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Cadillac Cimarron

The Cadillac Cimarron is an entry-level luxury car manufactured and marketed by the Cadillac division of General Motors for model years 1982–1988 over a single generation, with a mild facelift in 1985.

The first post-war compact car offered by the brand, the four-door was developed to compete with similarly-sized premium sedans marketed by European automakers in North America.

The flagship offering of the GM J platform, the Cimarron had joined the project just 11 months prior to the J-Cars' arrival in showrooms, and had very little involvement in the developing the program. Marketed with counterparts from Chevrolet, Pontiac, Oldsmobile, and Buick, the Cimarron was to become one of the most controversial examples of badge engineering in the American automotive industry, sharing much of its entire design, including its exterior, with the Chevrolet Cavalier and GM's other brand variants.

Through its entire production, the Cimarron was manufactured at South Gate Assembly (1981–1982) and Janesville Assembly (1982–1988); both facilities produced the model alongside the Chevrolet Cavalier and its J-platform badge-engineered variants. In North America, the Cimarron was not replaced directly.

The Cimarron is noted as a nadir of GM's product planning — for its low sales, poor performance and ill-conceived badge engineering.

Background

As General Motors prepared for the 1980s, Cadillac product planners considered introducing a sedan smaller than the Seville. While the Seville model had sold well following its 1975 introduction, in its research, Cadillac discovered a growing proportion of buyers of the Seville were not conquest customers of European brands, but American-brand customers seeking a smaller sedan. To further diversify and modernize their product range to compete with European luxury sedans, Cadillac dealers were demanding a smaller car below the Seville that could compete with the compact offerings of European brands.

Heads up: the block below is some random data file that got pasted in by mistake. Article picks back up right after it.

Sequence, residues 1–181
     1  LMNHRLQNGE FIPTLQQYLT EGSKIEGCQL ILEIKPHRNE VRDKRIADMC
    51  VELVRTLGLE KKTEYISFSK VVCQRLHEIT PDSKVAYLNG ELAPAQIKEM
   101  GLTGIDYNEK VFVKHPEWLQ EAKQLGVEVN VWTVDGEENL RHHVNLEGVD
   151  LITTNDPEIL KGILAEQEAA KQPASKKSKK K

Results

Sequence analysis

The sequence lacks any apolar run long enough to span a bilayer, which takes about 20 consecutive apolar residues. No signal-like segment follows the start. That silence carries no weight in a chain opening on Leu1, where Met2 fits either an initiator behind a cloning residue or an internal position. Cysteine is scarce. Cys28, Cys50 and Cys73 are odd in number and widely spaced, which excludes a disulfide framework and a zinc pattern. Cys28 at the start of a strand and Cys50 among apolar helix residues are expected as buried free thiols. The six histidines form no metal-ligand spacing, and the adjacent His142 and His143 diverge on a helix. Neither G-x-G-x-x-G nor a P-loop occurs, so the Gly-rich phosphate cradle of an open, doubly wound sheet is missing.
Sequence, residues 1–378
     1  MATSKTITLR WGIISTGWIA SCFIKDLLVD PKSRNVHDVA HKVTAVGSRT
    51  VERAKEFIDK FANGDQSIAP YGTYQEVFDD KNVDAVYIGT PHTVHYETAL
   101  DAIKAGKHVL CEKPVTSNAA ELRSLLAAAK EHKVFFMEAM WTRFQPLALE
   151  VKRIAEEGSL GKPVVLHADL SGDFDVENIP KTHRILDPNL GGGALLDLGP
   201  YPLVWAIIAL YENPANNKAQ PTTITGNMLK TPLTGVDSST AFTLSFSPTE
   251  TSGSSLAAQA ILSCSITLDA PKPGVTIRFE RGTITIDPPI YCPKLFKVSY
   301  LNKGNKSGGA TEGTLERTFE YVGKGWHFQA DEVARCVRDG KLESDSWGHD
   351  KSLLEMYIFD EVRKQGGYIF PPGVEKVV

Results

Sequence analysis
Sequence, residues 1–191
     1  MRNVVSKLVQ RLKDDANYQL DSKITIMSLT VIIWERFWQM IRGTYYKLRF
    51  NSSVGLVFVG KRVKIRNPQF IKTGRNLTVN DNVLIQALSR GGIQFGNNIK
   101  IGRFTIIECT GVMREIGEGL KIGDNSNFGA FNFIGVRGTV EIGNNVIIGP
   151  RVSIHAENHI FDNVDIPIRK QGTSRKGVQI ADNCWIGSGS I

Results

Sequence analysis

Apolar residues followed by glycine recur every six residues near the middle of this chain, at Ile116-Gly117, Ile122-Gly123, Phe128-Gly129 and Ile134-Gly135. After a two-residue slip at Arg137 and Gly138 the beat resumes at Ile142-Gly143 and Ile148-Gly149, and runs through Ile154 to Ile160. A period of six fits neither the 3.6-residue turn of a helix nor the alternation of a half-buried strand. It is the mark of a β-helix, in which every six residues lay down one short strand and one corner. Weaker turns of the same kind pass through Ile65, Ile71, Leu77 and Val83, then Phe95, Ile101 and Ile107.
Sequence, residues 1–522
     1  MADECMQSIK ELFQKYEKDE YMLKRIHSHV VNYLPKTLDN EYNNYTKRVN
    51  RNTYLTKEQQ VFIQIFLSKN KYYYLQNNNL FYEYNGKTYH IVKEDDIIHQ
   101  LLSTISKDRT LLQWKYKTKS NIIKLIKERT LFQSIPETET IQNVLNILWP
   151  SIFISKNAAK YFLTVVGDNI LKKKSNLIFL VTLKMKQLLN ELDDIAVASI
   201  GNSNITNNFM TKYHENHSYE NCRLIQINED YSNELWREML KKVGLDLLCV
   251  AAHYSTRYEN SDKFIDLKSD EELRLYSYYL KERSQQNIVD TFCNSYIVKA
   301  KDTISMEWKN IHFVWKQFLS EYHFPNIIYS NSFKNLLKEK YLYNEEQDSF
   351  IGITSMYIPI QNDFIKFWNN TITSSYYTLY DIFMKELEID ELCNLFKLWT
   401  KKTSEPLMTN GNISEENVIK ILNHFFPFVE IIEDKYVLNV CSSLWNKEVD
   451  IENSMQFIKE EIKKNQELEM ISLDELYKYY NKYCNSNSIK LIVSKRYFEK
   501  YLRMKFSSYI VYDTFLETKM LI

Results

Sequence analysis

In early 1980, General Motors commenced development of a Cadillac version of the GM J-car platform, leading to one of the shortest development programs ever undertaken by the company. Ultimately, the Cimarron's development window was confined to 10 months, and aside from modest interior changes, exterior modifications were confined to reworking the grille, adjacent composite (plastic) panels and tail lights.

Originally scheduled for mid-1980s release, the launch of the Cimarron was pushed to early 1981 in order to match the 1982 model-year release of its J-car counterparts for the Chevrolet, Buick, Oldsmobile, and Pontiac divisions. In development since 1976 to replace the H-body, the J-car marked two major changes: shifting to front-wheel drive and expanding into the compact car segment. In line with its predecessor, the J-car was to be the Chevrolet Cavalier (replacing the Monza), the Buick Skyhawk, Oldsmobile Firenza (a premium trim of the previous Starfire), and Pontiac J2000 (replacing the Sunbird, eventually taking on the Sunbird name); the J-car was also to be sold by Opel/Vauxhall, Holden, and Isuzu worldwide.

While the creation of the Cadillac Cimarron was intended to give the division a compact sedan that matched multiple European premium brands, the selection of the J-car platform within 14 months of its launch was met with heavy resistance. Pete Estes, GM president at the time, warned Cadillac general manager Edward Kennard: "Ed, you don't have time to turn the J-car into a Cadillac." The original design offered little more than a well equipped Chevrolet Cavalier, but cost twice as much.